Corbyn begins with some home truths about people’s growing distrust of the media (and especially of the press). The speech is clearly animated by a justified resentment against the power of what he calls the ‘media barons’, and the way Labour in particular is routinely misrepresented. Yet this isn’t just political rhetoric. He also offers several specific ideas for debate, none of which is yet official party policy. They include:
- support for local public interest and investigative journalism;
- a tax on the profits of large digital corporations, used to fund independent media, and to subsidise the BBC Licence Fee;
- an extension of the Freedom of Information Act, to cover private sector providers of public services;
- measures to ensure greater democracy and more diverse representation on BBC governing boards;
- better pay and greater freedom of expression for journalists and other media workers;
- and a ‘British Digital Corporation’, a public social media platform designed to increase civic engagement.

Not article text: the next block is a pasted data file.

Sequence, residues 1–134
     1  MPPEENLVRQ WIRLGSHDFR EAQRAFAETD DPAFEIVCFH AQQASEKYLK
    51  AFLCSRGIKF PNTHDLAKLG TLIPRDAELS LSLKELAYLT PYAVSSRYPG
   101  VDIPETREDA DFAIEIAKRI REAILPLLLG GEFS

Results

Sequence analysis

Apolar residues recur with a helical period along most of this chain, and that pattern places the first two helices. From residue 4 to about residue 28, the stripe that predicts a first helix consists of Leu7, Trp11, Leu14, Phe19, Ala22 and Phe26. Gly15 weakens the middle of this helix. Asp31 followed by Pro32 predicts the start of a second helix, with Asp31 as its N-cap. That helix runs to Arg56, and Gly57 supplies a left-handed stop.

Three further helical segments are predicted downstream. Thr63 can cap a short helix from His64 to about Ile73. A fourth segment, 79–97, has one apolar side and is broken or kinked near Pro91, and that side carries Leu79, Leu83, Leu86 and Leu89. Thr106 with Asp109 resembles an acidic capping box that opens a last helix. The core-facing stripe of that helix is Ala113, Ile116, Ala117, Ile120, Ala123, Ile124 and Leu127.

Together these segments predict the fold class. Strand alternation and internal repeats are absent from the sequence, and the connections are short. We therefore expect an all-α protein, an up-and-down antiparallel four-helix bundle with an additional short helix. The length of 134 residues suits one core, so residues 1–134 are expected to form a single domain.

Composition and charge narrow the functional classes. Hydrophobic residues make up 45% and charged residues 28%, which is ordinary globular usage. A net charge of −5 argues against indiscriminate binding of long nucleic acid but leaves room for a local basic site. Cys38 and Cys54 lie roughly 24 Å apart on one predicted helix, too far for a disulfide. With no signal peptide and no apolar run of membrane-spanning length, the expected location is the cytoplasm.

With the exception of the last, most of these ideas relate primarily to ‘old’ media – and in some ways that’s appropriate, given the TV Festival audience. In my view, it’s good to see that Corbyn is still concerned about what some of his followers tend to dismiss as the evil ‘mainstream media’ (the dreaded MSM).
To find more concrete ideas from Labour relating to digital media, it’s necessary to look a little further back, to its Digital Democracy Manifesto, published in 2016. There are eight specific proposals here:
- a universal service network that would guarantee equal, high speed internet access for all (in other words, a form of ‘net neutrality’);
- an ‘open knowledge library’, a free portal to educational resources;
- support for local community-based media projects;
- platform co-operatives, that would offer non-profit means of distributing labour and selling services;
- a ‘digital citizen passport’, enabling users to verify their identity while using online public services without giving away personal data;
- free access to training in computer programming, using open source software;
- a ‘people’s charter of digital liberty rights’, designed to secure all the above;
- and ‘massive multi-person online deliberation’, to provide a democratic forum for political debate.
It’s ironic that one of the key authors of this manifesto was Richard Barbrook, described by some as ‘Corbyn’s digital guru’. Twenty years ago, Barbrook co-wrote a powerful early critique of the ‘cyberutopianism’ of Silicon Valley companies called ‘The Californian ideology’. These days, he appears to place much more faith in commercial social networks as a means of bringing about progressive political change.